Aidan Hartley (The Zanzibar Chest: A Story of Life, Love, and Death in Foreign Lands)
Our dress affects not only our thoughts and actions but also the thoughts and actions of others. Accordingly, Paul the Apostle counseled “women [to] adorn themselves in modest apparel” (1 Timothy 2:9). The dress of a woman has a powerful impact upon the minds and passions of men. If it is too low or too high or too tight, it may prompt improper thoughts, even in the mind of a young man who is striving to be pure. Men and women can look sharp and be fashionable, yet they can also be modest. Women particularly can dress modestly and in the process contribute to their own self-respect and to the moral purity of men. In the end, most women get the type of man they dress for. [Ensign, Mar. 2014, 47-48]
Tad R. Callister
After three hours, I come back to the waiting room. It is a cosmetic surgery office, so a little like a hotel lobby, underheated and expensively decorated, with candy in little dishes, emerald-green plush chairs, and upscale fashion magazines artfully displayed against the wall. A young woman comes in, frantic to get a pimple "zapped" before she sees her family over the holidays. An older woman comes in with her daughter for a follow-up visit to a face-lift. She is wearing a scarf and dark glasses. The nurse examines her bruises right out in the waiting room. And you are in the operating room having your body and your gender legally altered. I feel like laughing, but I know it makes me sound like a lunatic.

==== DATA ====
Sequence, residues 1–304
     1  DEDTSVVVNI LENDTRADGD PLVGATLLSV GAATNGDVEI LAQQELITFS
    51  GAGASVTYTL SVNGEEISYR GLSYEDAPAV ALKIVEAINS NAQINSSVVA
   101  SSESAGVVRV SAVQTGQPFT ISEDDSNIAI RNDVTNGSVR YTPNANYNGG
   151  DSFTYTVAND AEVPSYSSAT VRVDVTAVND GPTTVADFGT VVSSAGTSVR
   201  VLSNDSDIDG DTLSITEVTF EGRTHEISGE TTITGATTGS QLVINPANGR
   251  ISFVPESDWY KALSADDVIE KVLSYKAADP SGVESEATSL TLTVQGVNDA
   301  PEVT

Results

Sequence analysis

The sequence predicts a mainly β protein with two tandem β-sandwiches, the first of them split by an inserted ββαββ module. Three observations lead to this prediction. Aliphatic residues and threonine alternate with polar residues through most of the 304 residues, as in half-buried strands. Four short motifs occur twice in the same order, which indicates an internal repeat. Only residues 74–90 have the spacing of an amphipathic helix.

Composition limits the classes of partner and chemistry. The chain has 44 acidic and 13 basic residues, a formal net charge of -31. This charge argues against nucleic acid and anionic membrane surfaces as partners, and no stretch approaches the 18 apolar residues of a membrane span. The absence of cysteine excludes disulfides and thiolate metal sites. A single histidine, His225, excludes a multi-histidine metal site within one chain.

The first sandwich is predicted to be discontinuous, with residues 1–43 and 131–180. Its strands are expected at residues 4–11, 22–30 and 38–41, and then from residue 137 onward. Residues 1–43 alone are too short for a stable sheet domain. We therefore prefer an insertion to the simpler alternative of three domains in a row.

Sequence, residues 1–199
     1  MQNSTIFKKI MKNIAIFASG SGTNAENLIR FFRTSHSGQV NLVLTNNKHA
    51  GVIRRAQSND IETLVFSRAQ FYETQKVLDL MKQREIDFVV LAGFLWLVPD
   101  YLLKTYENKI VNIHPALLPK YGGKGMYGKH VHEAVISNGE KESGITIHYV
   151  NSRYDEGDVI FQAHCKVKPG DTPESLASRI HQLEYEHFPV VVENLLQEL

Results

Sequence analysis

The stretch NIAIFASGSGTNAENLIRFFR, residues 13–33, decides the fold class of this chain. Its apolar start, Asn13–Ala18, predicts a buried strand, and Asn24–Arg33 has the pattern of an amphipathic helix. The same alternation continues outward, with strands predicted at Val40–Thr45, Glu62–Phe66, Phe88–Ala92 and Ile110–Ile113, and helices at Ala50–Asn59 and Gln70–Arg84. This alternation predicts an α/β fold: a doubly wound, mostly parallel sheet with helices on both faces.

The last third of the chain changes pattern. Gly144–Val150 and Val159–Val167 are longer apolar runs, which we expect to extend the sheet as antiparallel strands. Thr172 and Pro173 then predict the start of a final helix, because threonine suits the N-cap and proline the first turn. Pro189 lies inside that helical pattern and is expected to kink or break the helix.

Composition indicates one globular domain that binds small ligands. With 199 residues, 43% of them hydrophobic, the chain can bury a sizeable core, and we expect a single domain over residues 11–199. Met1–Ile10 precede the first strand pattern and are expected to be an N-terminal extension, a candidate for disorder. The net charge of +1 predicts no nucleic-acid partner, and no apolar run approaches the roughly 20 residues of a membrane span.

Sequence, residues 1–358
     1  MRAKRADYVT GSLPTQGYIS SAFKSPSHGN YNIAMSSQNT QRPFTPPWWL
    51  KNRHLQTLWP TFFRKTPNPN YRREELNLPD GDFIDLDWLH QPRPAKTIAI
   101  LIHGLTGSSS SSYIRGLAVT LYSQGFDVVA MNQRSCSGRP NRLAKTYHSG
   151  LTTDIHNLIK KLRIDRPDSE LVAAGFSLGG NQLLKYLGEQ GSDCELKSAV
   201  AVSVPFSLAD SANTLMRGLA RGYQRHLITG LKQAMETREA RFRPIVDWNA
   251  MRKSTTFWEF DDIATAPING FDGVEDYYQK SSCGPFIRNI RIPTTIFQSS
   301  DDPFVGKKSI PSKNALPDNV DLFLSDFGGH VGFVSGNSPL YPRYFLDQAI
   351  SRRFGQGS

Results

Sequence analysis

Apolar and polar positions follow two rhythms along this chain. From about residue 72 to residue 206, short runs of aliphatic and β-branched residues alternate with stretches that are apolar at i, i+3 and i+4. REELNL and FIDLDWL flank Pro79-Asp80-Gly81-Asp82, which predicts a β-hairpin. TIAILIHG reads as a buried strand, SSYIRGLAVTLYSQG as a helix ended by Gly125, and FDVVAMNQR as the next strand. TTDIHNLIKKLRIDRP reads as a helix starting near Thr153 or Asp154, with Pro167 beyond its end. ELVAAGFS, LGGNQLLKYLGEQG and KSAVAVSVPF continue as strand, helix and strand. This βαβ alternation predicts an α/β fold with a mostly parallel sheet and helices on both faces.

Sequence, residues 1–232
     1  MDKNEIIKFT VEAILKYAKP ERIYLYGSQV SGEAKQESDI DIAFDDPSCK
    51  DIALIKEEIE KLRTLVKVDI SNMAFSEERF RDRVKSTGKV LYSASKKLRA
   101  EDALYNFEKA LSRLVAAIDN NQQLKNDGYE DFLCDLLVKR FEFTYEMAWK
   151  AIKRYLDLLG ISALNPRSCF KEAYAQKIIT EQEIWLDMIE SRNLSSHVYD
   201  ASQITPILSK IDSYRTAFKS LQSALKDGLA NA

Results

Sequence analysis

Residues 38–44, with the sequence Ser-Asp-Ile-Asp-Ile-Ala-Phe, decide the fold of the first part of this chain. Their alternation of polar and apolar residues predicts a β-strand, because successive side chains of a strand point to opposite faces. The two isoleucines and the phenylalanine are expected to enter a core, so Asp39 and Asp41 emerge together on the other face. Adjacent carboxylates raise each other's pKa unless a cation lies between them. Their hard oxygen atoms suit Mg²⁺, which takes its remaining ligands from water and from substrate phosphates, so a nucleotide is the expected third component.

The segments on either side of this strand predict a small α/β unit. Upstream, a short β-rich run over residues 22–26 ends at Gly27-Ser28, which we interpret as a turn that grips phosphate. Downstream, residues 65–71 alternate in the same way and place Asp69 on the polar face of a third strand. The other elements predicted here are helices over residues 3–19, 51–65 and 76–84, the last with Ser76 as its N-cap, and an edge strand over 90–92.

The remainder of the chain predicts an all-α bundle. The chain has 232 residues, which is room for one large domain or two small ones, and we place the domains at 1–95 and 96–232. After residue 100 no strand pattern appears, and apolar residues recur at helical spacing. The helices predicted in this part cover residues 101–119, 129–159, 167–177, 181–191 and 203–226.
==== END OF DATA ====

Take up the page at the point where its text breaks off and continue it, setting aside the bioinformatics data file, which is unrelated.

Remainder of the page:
Joan Nestle